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Israeli Teva and Indian Sun Pharmaceuticals to Pay $1.6 billion to Pfizer to Settle Drug Patent Infringement Case


/ By Alan Gallindoss /

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Global pharmaceutical company Pfizer announced today that Israeli company Teva Pharmaceuticals Industries and Indian generic drug manufacturer Sun Pharmaceuticals have agreed to pay Pfizer $2.15 billion to settle a patent infringement suit. In 2010 a US court had ruled that Teva and Sun infringed Pfizer’s rights by selling a generic version of its heartburn drug Protonix (pantoprazole sodium) before its U.S. patent had expired.

Under the terms of the settlement Teva will pay Pfizer US$1.6 billion, half this year and the balance in 2014. Sun Pharma, which had earlier made an initial payment of $100 million will now have a further payment to make of US$450 million.

Approximately to thirds of the settlement payments will go to Pfizer and the balance to its Japanese partner Takeda Pharmaceutical Co Ltd. The Protonix patent was held by Nycomed, which is today a subsidiary of Takeda. The patent was then licensed to Wyeth which today is a subsidiary of Pfizer. Wheel within wheels one might say but that is how the pharmaceutical industry works.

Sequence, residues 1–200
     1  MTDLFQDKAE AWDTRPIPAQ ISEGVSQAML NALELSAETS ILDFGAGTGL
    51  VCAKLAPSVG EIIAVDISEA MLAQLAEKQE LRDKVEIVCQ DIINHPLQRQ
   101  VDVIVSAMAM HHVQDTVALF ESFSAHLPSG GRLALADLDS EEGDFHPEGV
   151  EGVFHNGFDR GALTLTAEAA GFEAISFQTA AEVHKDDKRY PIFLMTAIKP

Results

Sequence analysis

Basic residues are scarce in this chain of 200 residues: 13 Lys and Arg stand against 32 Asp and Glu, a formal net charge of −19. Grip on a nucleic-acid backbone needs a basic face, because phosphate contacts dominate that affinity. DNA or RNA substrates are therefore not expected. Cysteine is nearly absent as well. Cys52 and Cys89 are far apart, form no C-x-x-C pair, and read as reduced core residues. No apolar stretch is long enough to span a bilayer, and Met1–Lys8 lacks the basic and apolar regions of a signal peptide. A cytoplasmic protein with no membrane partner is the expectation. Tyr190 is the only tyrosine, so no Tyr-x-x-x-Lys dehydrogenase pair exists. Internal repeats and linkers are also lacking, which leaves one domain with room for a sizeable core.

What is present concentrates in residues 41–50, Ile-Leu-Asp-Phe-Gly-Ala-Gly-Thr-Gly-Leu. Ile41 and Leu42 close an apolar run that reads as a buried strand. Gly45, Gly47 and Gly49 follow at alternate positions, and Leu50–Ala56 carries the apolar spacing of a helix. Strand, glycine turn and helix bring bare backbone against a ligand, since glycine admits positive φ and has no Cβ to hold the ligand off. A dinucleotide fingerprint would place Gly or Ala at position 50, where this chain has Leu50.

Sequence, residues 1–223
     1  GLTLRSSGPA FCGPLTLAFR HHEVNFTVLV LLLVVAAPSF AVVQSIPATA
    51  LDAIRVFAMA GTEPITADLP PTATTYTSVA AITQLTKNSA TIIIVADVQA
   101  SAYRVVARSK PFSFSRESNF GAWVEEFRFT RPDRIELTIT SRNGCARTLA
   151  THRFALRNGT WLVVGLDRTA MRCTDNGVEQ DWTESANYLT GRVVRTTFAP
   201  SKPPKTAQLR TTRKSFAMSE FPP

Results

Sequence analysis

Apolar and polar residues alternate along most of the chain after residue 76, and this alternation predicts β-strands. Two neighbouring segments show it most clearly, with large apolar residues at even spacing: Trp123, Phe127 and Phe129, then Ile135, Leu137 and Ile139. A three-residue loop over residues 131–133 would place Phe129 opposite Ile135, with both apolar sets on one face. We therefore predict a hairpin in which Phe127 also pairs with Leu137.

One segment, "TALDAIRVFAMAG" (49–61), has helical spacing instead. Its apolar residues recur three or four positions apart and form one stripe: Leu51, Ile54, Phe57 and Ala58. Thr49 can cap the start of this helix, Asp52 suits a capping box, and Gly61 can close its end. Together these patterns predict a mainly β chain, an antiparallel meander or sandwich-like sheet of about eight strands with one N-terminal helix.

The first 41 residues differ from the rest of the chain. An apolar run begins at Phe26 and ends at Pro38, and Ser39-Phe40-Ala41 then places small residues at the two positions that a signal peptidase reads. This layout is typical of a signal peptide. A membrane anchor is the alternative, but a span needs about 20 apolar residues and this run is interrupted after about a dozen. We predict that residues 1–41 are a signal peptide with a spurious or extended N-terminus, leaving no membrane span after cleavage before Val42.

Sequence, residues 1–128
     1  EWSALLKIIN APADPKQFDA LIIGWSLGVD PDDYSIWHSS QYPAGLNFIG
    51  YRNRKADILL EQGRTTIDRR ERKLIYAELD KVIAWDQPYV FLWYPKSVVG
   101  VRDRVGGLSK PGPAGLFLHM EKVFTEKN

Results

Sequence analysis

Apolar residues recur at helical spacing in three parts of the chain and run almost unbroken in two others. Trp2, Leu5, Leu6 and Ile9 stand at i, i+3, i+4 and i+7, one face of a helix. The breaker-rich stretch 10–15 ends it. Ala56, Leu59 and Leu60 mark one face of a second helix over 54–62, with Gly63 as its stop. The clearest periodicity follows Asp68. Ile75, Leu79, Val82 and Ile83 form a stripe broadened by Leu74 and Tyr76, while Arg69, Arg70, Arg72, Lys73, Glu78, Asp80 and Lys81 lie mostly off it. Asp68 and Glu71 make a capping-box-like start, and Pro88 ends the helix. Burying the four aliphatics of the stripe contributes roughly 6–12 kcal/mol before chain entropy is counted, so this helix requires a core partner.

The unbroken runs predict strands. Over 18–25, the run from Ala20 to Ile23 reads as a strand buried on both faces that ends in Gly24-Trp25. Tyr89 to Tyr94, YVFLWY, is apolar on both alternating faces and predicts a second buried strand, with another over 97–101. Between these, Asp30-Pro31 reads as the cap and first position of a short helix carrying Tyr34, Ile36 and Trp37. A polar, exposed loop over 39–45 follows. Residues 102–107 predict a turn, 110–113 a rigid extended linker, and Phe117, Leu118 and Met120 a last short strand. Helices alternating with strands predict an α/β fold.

It also takes a long time- Pfizer won the original court battle over Protonix in April 2010 when a jury in New Jersey found that Teva had infringed the patent, and had been selling a generic version of Protonix already since 2007. Only on Monday did a trial actually however begin – three years later – to determine damages, prompting Teva and Sun to settle rather than face the unknown outcome of a trial.

Teva had reported earlier in February that it might face a loss over Protonix of as much as US$2.07 billion, so in terms of comparing the settlement amount to its prior expectation one can say that it comes out ahead… still it is a lot of money.

Teva itself reports that as a result of the settlement it will incur a charge again earnings of approximately. US$930 million in the second quarter of 2013, additional to the US$ 670 million in provisions already made. Teva also reports it believes it may have up to US$560 million in net insurance coverage with respect to this settlement which it may be able to recover from its insurance carriers.

Teva’s Group Executive Vice President and Chief Legal Officer Richard Egosi stated: “We are please do to put this matter behind us as we continue to focus on delivering safe and affordable medicines to patients around the world. ”



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